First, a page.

Thursday, 22 November 2012

"When I was at church, they taught me something else/If you preach hate at the service, those words aren’t anointed"

My latest column for more! magazine is out now, on the shelves of yr nearest reputable newsagents and featuring K-Stew's smug mug on the front cover. This week: finding your tribe, rites of passage (goodbye tresses, hello generic lesbian haircut) and the joys of gay clubbing.

Writing this column has been an interesting exercise so far. I've been out for 8/9 years, and the experiences of those years has allowed me to write (relatively) freely about the pleasures and trials of being queer with (relatively) little qualms about who will be reading them. As I celebrate my queer coming-of-age in this column, writing gaily about strap-ons and losing my lez v-card, I'm very aware, on a personal level, that others do not enjoy the same freedoms. I guess the coming-out story might sometimes feel like a hackneyed narrative for seasoned queers. Some of us would rather be busy getting on with the important stuff then picking over a process that should, in a decent world, be as incidental as puberty. If, like me, you came out years ago, facing only mild, curious surprise and fond acknowledgement from yr loved ones, its easy to forget how terrifying this ordeal this can be for those of us who don't have the acceptance of our families, those of us who labour under an impossibly conditional kind of love. I'm thinking a lot about chosen families this week, and the beautiful, brave strength of queers who have had to adapt and transform our collective idea of 'family' in order to ensure loving, supportive structures are there to embrace us when the old, traditional ones fail. How inventive and wonderful we are.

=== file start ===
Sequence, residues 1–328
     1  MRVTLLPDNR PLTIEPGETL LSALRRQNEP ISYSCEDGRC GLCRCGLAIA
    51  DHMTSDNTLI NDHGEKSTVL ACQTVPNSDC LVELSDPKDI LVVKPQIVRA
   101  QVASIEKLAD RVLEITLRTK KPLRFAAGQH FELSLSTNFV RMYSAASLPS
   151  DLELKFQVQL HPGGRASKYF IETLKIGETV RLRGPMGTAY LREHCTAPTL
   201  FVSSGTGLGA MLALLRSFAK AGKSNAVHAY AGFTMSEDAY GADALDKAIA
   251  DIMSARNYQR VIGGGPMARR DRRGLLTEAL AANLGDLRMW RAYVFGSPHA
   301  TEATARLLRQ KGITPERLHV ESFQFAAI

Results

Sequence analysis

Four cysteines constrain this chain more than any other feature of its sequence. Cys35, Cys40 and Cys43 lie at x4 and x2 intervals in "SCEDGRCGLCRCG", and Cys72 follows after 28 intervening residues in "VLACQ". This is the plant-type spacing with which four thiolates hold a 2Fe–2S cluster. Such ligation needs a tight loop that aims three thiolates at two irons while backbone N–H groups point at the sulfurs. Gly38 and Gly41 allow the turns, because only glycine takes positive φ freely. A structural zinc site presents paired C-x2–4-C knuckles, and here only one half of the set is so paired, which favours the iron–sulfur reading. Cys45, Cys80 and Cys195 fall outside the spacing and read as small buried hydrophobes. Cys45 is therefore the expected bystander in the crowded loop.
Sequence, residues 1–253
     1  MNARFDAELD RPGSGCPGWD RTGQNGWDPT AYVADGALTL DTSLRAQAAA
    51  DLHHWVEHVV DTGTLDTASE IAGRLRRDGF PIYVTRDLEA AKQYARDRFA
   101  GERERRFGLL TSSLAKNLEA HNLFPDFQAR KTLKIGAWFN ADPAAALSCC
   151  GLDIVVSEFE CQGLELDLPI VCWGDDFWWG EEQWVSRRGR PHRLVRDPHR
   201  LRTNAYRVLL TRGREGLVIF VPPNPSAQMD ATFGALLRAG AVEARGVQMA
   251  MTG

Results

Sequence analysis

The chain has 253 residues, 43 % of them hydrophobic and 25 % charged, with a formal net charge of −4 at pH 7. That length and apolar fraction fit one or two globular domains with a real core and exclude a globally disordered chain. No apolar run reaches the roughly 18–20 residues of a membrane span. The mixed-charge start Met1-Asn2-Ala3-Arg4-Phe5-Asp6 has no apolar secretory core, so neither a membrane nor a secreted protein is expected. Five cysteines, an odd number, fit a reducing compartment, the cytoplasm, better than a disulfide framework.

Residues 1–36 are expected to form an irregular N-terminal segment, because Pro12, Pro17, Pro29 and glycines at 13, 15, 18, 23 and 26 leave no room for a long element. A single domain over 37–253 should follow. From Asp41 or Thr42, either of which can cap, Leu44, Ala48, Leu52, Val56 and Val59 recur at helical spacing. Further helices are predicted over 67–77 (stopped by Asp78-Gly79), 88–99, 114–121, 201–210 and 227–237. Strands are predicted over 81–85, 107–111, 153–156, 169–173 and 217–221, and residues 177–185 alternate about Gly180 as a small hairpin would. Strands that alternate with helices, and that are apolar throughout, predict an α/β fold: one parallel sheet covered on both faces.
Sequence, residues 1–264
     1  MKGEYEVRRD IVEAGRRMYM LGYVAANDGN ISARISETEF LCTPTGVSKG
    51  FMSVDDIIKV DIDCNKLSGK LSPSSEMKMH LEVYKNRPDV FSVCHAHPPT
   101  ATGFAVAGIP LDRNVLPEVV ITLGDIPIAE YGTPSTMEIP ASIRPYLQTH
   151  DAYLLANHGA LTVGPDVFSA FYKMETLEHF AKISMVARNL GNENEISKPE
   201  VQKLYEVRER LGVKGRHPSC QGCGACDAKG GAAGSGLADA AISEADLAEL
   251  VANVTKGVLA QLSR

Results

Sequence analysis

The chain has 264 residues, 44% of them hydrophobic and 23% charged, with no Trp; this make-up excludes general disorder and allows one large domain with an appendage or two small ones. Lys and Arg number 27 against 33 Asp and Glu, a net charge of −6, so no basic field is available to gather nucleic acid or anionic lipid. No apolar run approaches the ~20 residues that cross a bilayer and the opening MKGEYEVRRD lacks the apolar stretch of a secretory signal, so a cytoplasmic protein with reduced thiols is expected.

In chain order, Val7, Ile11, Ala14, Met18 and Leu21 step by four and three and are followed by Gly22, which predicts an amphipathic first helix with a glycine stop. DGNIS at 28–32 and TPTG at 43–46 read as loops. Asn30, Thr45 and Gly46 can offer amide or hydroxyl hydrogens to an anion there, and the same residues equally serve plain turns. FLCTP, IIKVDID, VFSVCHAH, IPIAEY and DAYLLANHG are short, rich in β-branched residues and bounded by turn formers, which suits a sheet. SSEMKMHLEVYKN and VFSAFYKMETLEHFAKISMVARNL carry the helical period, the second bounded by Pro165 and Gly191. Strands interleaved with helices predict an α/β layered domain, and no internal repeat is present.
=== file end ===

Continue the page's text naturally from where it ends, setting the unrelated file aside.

And here's that Macklemore track again, because its pertinant to the above and all I can listen to at the moment. 

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